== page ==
The decline of representative democracy in the UK couldn’t be more clearly illustrated than it was in the Chancellor’s statement to Parliament yesterday.
Coming hot on the heels of a farcical week in which the Tories were able to forestall an early election with a well-timed flourish of popular tax pledges, Alistair Darling ‘shot Cameron’s foxes’ (so sez Nick Robinson, natch...).
So Labour’s response to Tory pledges to reduce Inheritance Tax is a strategic move by Labour to neutralise the the issue. Similarly, Labour is sticking its tongue out meekly at non-domicile tax-dodgers to match Osborne’s gesture against them last week.
This is where politics meets battleships. A careful game in which specific demographics in key seats are triangulated - not even on values - but on specific policies. It is a game of mandates, not ideology, principle, character or values.
Now I know that this is generally nothing new. In 1997, the key-seat strategy that Labour applied dictated that a comfortable working majority was our sole focus.
On election night, we fielded calls from non-key seats saying that their canvass returns were better than expected. Activists pleaded for resources to be shifted away from the must-win seats that were clearly already in the bag. In many cases, those calls were ignored (though in East London, where I was working, Labour took all of the seats in question anyway).
In 1997, there was no pretence that the election was about ensuring that people got Labour representation wherever possible. We were campaigning only for Tony Blair only, and we were only interested in ensuring that enough people + 1 chose that particular brand over the alternatives. Tacky? Maybe. But there is much worse to look forward to in future.
Next time, it seems that we will bid for every vote in the carefully selected seats that we care about - this time with very specific numbers. Vote for us and you will be £1 better off than with the other lot. We will have to fight on carefully calibrated pledges designed to buy the most capricious voters in smallish geographical areas. The election will be decided by thousands - not hundreds of thousands - of votes. Never before has the nightmare that Edmund Burke envisaged in his Speech to the Electors of Bristol** come closer to being a reality.
These promises will be honed using the increasingly sophisticated forms of market-feedback. The large bureaucracies of political parties can scientifically target the 'instrumental voter'. Experience shows that the issues in question will be the pet-projects of newspaper editors, and proprietors will quietly gloat about their kingmaker role for years to come. And if those proprietors have any regulatory headaches in other businesses that they manage, you can expect them to just go away.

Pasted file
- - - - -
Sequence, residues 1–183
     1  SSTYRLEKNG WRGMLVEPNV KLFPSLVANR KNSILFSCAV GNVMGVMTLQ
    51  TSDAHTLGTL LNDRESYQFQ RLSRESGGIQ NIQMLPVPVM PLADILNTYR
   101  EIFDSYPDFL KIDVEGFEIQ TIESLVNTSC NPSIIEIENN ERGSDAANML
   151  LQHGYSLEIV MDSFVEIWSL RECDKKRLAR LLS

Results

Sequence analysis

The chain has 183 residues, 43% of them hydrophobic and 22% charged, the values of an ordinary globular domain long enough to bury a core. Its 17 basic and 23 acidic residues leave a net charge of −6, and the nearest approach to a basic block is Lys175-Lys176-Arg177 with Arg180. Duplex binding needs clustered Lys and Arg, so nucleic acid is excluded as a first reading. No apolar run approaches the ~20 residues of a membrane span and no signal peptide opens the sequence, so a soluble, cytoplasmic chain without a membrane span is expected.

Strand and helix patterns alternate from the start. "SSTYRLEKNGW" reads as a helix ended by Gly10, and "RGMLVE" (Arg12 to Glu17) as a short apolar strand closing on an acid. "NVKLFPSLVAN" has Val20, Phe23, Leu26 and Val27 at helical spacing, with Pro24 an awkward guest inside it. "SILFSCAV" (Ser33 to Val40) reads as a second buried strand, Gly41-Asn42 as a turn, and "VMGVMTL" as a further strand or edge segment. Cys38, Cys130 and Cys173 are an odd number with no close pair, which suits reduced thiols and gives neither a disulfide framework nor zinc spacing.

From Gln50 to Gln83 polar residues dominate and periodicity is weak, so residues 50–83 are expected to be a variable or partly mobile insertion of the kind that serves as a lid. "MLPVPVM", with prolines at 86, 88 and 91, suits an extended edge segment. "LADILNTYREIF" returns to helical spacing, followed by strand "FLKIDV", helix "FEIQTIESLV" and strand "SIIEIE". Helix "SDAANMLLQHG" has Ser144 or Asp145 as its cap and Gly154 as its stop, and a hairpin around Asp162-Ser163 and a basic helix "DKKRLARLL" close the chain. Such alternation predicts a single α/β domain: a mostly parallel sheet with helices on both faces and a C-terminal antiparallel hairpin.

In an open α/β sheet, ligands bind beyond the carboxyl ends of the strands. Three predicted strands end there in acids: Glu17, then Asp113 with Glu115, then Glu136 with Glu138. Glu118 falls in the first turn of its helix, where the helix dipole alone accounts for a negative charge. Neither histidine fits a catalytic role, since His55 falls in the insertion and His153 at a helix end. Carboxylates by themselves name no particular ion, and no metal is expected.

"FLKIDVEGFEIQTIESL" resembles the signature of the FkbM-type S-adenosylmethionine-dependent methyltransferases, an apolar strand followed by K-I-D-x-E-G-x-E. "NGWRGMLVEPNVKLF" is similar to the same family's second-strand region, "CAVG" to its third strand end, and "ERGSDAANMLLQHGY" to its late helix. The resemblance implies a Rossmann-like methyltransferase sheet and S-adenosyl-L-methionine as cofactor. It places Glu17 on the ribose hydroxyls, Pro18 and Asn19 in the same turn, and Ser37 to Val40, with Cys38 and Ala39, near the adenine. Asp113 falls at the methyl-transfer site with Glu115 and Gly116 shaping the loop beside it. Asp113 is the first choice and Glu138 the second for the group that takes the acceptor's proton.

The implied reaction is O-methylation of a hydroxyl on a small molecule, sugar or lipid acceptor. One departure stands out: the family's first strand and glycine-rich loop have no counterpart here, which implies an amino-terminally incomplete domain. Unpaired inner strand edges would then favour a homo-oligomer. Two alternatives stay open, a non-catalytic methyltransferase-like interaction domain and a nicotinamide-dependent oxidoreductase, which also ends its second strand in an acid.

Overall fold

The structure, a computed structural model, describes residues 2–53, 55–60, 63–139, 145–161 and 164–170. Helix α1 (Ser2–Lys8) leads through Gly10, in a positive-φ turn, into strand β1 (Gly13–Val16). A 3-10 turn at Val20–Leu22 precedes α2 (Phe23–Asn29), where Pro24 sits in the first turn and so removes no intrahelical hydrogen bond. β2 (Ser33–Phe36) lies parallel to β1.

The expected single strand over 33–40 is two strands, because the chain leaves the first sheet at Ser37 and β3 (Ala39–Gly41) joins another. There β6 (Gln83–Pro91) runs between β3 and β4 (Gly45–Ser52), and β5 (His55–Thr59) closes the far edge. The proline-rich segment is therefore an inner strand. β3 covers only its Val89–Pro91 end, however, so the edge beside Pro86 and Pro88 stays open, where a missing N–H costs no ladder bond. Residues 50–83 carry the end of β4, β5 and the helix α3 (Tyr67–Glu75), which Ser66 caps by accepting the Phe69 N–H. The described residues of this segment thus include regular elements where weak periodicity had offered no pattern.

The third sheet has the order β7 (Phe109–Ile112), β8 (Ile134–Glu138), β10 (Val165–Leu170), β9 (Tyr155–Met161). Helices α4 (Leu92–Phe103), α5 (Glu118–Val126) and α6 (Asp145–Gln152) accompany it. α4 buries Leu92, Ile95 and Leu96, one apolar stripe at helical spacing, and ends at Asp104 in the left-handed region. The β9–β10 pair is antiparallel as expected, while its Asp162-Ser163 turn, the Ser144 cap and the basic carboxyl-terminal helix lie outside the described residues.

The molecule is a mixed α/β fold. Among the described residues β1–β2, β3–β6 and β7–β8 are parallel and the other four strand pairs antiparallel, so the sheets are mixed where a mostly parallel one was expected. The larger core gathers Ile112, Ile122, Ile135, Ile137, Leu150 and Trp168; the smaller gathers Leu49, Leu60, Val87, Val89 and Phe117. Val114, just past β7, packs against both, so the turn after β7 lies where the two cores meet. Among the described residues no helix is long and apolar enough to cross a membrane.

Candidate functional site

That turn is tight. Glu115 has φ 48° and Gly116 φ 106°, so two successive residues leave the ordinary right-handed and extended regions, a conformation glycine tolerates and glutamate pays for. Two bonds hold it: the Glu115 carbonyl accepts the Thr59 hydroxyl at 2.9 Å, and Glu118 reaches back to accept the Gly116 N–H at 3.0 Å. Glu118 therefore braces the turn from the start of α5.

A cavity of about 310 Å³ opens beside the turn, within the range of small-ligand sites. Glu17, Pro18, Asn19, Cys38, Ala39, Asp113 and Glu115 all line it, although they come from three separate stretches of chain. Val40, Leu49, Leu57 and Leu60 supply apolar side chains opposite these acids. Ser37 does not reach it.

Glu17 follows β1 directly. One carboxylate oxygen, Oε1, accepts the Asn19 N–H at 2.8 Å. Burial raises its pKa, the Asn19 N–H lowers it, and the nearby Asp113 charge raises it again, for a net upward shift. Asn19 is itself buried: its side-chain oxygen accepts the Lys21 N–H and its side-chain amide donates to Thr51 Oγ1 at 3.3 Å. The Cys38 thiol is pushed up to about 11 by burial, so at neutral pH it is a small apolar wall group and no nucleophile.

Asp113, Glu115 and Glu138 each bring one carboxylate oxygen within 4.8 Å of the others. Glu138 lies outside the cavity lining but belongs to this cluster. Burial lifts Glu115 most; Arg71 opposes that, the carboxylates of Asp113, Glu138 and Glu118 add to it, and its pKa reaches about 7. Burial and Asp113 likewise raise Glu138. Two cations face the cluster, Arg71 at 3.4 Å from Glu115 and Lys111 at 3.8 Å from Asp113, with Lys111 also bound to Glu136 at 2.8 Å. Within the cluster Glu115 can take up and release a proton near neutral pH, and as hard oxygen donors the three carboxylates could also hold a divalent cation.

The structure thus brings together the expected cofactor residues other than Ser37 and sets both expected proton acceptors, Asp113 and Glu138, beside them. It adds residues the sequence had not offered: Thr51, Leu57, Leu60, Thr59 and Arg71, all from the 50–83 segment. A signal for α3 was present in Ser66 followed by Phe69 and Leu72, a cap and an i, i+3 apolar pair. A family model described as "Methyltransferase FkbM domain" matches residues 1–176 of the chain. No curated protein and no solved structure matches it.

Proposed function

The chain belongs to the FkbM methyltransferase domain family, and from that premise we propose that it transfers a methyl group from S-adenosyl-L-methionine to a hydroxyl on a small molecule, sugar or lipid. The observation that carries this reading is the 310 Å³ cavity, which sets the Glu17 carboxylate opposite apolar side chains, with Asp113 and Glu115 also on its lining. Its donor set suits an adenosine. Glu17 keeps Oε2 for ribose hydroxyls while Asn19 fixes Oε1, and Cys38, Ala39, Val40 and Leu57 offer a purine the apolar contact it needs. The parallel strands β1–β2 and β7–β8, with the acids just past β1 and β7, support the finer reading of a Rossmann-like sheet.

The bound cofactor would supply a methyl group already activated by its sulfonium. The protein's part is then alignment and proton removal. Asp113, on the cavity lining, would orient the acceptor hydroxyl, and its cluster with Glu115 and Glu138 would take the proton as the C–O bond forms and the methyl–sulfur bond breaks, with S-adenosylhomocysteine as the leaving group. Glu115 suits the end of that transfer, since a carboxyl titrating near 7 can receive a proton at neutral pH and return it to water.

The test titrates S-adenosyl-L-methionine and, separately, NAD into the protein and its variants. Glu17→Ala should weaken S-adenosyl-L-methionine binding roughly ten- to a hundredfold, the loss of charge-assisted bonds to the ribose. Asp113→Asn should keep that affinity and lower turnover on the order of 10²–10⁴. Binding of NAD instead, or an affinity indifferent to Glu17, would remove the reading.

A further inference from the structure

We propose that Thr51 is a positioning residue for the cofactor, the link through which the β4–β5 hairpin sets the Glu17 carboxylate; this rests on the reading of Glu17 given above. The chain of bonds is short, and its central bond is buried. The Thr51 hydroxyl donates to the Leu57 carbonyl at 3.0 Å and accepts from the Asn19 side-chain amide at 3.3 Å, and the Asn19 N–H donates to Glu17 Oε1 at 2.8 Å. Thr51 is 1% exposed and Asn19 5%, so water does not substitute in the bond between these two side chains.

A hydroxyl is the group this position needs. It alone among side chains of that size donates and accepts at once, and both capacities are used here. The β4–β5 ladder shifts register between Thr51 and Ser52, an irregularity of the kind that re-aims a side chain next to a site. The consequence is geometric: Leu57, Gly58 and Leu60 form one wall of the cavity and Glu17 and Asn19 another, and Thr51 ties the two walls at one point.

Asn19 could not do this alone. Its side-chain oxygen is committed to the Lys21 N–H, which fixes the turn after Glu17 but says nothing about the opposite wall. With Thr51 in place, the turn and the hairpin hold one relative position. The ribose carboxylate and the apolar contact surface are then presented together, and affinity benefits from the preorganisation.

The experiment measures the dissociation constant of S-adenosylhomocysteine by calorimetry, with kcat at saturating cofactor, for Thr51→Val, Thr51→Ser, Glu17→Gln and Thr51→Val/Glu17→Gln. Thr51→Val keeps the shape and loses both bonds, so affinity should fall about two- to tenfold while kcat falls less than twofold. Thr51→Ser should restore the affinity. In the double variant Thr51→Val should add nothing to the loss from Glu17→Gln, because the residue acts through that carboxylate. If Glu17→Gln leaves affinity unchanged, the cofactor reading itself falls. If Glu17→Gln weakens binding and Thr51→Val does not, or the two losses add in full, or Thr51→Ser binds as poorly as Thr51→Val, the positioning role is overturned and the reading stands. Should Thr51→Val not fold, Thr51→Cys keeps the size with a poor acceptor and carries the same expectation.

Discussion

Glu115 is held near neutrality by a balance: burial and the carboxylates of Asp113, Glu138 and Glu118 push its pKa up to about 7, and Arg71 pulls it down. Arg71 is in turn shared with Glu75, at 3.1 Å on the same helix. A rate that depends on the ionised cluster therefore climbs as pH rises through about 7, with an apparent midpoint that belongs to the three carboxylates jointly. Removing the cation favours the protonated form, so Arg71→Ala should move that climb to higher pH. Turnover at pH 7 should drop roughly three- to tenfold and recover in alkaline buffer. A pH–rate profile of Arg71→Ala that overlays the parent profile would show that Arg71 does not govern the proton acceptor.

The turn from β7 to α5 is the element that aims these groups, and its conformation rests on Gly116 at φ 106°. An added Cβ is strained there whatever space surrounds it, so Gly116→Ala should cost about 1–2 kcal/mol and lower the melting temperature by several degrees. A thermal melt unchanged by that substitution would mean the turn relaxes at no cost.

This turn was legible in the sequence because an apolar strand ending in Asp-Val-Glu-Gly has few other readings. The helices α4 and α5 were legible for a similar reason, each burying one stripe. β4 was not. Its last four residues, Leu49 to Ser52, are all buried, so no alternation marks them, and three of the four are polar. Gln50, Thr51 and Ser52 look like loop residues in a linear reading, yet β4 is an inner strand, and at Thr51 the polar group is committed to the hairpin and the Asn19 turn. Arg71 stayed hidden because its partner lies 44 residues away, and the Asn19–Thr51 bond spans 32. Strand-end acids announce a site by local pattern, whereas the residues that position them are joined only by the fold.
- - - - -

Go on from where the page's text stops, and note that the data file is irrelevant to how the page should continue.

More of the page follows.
Never before has de Tocqueville’s aside that “an election is nothing more than an advance auction of stolen goods” been so subtly true.
So, next time that you notice that politics doesn’t appear to be about principles - a clash of ideals, the character and competence of representatives, it is worth reflecting that there is no alternative under our current settlement. Politicians are not bad unprincipled people. They are behaving rationally in response to the stupid situation that we have collectively put them in.
The logical trajectory that the past seven days has set us on will lead to the situation that routinely arises in US Presidential elections - where the vote splits almost - but not quite - 50-50 each time.
This is the legacy of highly centralised politics. It is the legacy of an over-powerful press and well-resourced pressure groups that can push single issues up the agenda. It is the symptom of a system where individual elected representatives are almost powerless and where political parties enjoy significant resources and organisational capacity. It is not a problem that will be cured by electoral reform as this will simply vary the rules by which the defining handful of votes are bartered for.
Outside of the outright abolition of democracy, there is only one solution to this problem: Anyone who wants to win an election in future (as opposed to campaigning on manifestos that are almost identical to those of their rivals, effectively sharing power) can surely have no alternative but to focus all of their energy upon demands for a radical decentralisation. Strong regional assemblies, strong local government, powerful representatives with resources to match their rivals (particularly their own parties in some cases). And weak bicameral central government.
It is a programme that demands a change in public attitudes to public participation in politics and government.
When so many people declare themselves betrayed and disillusioned by politicians, why is it that these demands are never heard? Is it because we have a political culture where self-righteous sulking is now the highest form of expression?
** I know, I know. Its about the twentieth time I've linked to it from this blog. So what?